TABLE 2______________________________________           Ratio of   Rush           Intra-Granular                      BreakdownSample No.      Resistance (%)                      Voltage (V)______________________________________Second Embodiment 1           15.4       615Second Embodiment 2           1.5        615Second Embodiment 3           5.5        640Second Embodiment 4           9.4        615Second Comparison           27.5       415Example______________________________________

As is apparent from Table 2, the ratio of the intra-granular resistance value of the resistance of the semiconductive ceramic is less than 20% and the rush breakdown voltage is 615 to 540 V. Contrary to that, the ratio of the intra-granular resistance within the value of resistance of the semiconductive ceramic is 27.5% and the rush breakdown voltage is 415 V, i.e., lower than those in the second embodiment, in the Second Comparison Example. FIG. 2 is a graph plotting the data shown in Table 2. The data obtained in other comparison examples are also incorporated into the graph shown in FIG. 2. As is apparent from FIG. 2, in the case where the ratio of the intra-granular resistance exceeds to about 20%, the rush breakdown voltage abruptly decreases.

As described above, the rush breakdown voltage is raised and laminar cracking hardly occurs in the inventive semiconducting ceramic by controlling the amount of the intra-granular resistance within the value of resistance of the semiconducting ceramic to be less than about 20%.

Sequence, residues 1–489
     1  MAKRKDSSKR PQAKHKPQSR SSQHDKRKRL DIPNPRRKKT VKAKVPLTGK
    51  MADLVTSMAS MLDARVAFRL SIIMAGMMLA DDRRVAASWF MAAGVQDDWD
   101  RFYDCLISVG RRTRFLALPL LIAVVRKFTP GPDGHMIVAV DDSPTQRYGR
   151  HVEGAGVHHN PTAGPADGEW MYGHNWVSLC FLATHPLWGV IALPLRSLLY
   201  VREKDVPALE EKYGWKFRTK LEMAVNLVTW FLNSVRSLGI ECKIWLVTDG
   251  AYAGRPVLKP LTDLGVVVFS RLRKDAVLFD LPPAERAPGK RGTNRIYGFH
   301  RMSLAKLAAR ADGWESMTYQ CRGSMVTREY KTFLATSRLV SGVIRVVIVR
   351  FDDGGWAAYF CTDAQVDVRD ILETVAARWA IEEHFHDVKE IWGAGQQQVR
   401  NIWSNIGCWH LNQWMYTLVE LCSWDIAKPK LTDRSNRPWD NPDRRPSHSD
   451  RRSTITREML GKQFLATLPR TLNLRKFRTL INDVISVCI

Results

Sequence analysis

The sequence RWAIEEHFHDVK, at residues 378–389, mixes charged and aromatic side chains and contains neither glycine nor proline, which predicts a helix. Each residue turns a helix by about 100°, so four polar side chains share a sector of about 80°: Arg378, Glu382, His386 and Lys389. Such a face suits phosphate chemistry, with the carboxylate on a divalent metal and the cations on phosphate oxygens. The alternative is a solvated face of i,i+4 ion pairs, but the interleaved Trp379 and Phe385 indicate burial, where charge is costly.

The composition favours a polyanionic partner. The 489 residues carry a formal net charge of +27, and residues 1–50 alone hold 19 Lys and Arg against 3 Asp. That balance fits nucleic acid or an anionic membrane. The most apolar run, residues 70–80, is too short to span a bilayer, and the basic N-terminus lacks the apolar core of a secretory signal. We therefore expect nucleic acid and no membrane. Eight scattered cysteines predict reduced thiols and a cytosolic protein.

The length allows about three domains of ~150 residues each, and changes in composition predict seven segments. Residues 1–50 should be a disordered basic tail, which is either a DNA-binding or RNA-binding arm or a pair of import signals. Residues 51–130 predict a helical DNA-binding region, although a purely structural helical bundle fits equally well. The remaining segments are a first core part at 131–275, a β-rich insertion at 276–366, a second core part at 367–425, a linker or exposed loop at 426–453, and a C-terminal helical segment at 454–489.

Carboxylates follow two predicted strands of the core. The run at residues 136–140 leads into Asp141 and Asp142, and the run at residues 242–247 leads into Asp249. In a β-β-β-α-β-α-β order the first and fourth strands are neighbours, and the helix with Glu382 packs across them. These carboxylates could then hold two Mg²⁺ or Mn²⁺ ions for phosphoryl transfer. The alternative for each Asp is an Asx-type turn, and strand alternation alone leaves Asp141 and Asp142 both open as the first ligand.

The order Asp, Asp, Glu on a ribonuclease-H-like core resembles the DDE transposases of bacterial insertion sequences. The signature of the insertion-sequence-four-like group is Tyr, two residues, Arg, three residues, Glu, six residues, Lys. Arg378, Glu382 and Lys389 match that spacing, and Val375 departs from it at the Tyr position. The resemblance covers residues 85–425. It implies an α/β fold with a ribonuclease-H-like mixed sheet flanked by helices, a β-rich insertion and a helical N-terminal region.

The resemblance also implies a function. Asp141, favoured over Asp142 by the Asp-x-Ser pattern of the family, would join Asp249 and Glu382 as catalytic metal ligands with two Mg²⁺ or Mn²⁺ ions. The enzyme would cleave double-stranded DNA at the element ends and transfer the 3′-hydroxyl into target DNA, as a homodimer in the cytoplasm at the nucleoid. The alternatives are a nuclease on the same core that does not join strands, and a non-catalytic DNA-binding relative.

While preferred embodiments have been described, variations thereto will occur to those skilled in the art within the scope of the present inventive concepts which are delineated by the following claims.

Patent Citations
Cited PatentFiling datePublication dateApplicantTitle
US4861736 *Aug 4, 1987Aug 29, 1989Tdk CorporationSemiconductive ceramic composition
US4863883 *Aug 23, 1988Sep 5, 1989Cabot CorporationDoped BaTiO3 based compositions
US5532197 *Jun 2, 1995Jul 2, 1996Korea Institute Of Science And TechnologyDielectric material for high frequencies
US5604167 *Oct 16, 1995Feb 18, 1997Ferro CorporationY5V dielectric composition
Referenced by
Citing PatentFiling datePublication dateApplicantTitle
US6225633Oct 22, 1998May 1, 2001Rae Systems, Inc.Photo-ionization detector for volatile gas measurement and a method for self-cleaning the same
US6346496 *Jul 23, 1999Feb 12, 2002Murata Manufacturing Co., Ltd.Composite material for positive temperature coefficient thermistor, ceramic for positive temperature coefficient thermistor and method for manufacturing ceramics for positive temperature coefficient thermistor
US6734435May 29, 2001May 11, 2004Rae Systems, Inc.Photo-ionization detector and method for continuous operation and real-time self-cleaning
Classifications
U.S. Classification501/137, 501/138
International ClassificationH01C7/02, C04B35/468, C04B35/46
Cooperative ClassificationC04B35/4684, H01C7/025
European ClassificationH01C7/02C2D, C04B35/468B2
Legal Events
DateCodeEventDescription
Feb 10, 1997ASAssignment
Owner name: MURATA MANUFACTURING CO., LTD., A CORP. OF JAPAN,
Free format text: ASSIGNMENT OF ASSIGNORS INTEREST;ASSIGNORS:ABE, YOSHIAKI;KAWAHARA, TAKAHIKO;NABIKA, YASUHIRO;AND OTHERS;REEL/FRAME:008375/0974;SIGNING DATES FROM 19970108 TO 19970110
Sep 20, 2001FPAYFee payment
Year of fee payment: 4
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Sep 2, 2009FPAYFee payment